The Third of May 1808

In “The Third of May 1808” painted by Francisco Goya, there is a fascinating visual play on the subject of war. Many artists throughout history have painted iconic images to uplift or terrify the viewer. Goya manages to expunge the viewer of these misconceptions of the Homeric desire to glorify combatants in armed conflicts, whether it be for social, political or even personal reasons. Instead of all the one-dimensional works done by previous artists, Goya is able to bring the connoisseur down from the clouds and back to hardscrabble reality. Here there is no means to escape is what Goya seems to suggest in “The Third of May.”

In a sense it would be right to say that the physical clash between the French and Spanish also entered the arena of Art, which streamlined ideological canvases. That is why in the etchings “The Disasters of War” the series not only represent the repulsive and terrifying acts of humans at their most barbaric, but also ideologies. Spain was Catholic. France was not. There are many reasons why Napoleon Bonaparte invaded the Iberian Peninsula, yet the ideology of Catholic Spain versus the Reason of France was certainly a factor, for Napoleon would not want to leave a sleeping giant in the backyard. Napoleon’s only choice was to overthrow Spain. So how did Goya react to this calamity? He reacted by displaying  the full frontal attack of anger.

In the “Third of May” Goya reproaches the French Enlightenment. The soldiers are the carriers of the Age of Reason. They are the automated machines that make it run. Contrary to the popular belief of this painting being a fine example of the causes distilled by warmongering, this is a painting dismantling the notion of cultural movements trying to better society. Goya condemns the use of intellectualism as a facade for ulterior motives.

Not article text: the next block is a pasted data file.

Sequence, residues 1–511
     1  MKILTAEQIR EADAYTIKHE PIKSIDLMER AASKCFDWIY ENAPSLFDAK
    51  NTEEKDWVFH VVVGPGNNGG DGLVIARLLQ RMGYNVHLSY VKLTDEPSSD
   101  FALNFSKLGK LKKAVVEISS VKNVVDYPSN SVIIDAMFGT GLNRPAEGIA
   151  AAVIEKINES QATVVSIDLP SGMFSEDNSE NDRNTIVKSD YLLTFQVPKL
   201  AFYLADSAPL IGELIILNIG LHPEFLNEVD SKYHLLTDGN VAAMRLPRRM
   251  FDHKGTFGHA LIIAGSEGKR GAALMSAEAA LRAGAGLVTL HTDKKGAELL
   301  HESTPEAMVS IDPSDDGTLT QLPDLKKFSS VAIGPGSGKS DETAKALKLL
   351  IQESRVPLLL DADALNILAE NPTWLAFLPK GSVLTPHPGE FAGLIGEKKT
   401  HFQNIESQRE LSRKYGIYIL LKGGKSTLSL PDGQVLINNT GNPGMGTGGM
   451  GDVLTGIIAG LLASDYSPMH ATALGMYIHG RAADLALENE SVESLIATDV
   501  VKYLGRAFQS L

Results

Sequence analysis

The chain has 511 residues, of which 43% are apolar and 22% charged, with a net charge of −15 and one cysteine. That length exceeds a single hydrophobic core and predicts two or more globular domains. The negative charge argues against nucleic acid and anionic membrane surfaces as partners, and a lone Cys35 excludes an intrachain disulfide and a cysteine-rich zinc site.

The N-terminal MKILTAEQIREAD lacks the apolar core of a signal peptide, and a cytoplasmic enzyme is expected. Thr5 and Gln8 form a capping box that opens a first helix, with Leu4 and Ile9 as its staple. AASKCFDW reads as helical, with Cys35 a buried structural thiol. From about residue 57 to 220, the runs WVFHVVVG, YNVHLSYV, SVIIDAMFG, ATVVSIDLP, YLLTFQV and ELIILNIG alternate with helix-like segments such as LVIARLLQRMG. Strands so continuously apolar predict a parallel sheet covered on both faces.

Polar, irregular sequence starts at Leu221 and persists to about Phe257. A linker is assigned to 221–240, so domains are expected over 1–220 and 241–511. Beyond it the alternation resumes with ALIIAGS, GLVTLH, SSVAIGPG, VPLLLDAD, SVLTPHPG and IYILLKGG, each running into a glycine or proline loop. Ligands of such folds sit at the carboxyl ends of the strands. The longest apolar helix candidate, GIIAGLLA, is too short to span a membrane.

Goya once declared that his antipathy towards lines as, “Always lines never bodies! Where does one see lines in nature?” His attempt at renouncing the use of line in his canvas also captures his mindset on how there is “no reason why my brush should see more than I do.” In an Age where academic precision was the sought after ideal, and Romanticism or Neoclassicism the movement, and with Reason as the impulse, there was no room for outrage. In the “Third of May” there is that evident clash between Reason and Realism. And when one drops the title “Realism,” Realism at possibly its best and arguably its most pure. Yet, in the picture there is this swelling rise of antagonism towards the human race. The viewer is placed right at the moment where civilians are to be killed for little reason at all. Once the guns discharge at point blank range, the lantern of Reason will cease its internal flame. Humans will have been butchered like they were in No Man’s Land.  The figure in white with his arms spread out like Christ is one of the most recognizable figures throughout all of Art History. One can only hope that he will be remembered to the same degree as the mythological Gods that many Romanticist poets waxed lyrical over.

Goya manages to render the painting with unmitigated skill. Given that he had to paint with speed, since they were intended to be exhibited at the restoration of King Ferdinand VII, the painting looks in some ways like it was not given that complete touch. From an academic standpoint, it is easy to see why “The Third of May” loitered in obscurity for over a century, because of the simple fact that it did not have that final look to it. It was too crude. But in this crudeness there are recognizable shapes that stand out. Note the hill. There is also contrast of light and shadow which is well executed by Goya. One can see the lantern dividing the soldiers from the civilians, the good from the evil. It is simple executions like these that make “The Third of May” not just a great painting, but a recognizable one. Traces of its forewarning of antagonistic power used against civilians can be seen in the 1960’s. Especially in the Democratic Convention of 1968, police were certainly mimicking the same brutal indifference that Goya had depicted. The police are just as mechanic and bland as the soldiers firing on the civilians. Some things never change.


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